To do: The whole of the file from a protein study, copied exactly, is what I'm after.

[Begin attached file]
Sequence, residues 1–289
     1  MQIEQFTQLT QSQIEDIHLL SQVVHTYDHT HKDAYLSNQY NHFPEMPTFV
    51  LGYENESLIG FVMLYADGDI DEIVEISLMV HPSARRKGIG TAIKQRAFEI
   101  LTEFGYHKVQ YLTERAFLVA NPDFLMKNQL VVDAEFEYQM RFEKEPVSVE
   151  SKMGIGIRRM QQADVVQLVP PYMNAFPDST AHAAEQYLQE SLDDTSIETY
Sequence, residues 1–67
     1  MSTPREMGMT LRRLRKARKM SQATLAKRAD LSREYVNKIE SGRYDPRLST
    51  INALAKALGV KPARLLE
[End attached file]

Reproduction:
Sequence, residues 1–289
     1  MQIEQFTQLT QSQIEDIHLL SQVVHTYDHT HKDAYLSNQY NHFPEMPTFV
    51  LGYENESLIG FVMLYADGDI DEIVEISLMV HPSARRKGIG TAIKQRAFEI
   101  LTEFGYHKVQ YLTERAFLVA NPDFLMKNQL VVDAEFEYQM RFEKEPVSVE
   151  SKMGIGIRRM QQADVVQLVP PYMNAFPDST AHAAEQYLQE SLDDTSIETY
Sequence, residues 1–67
     1  MSTPREMGMT LRRLRKARKM SQATLAKRAD LSREYVNKIE SGRYDPRLST
    51  INALAKALGV KPARLLE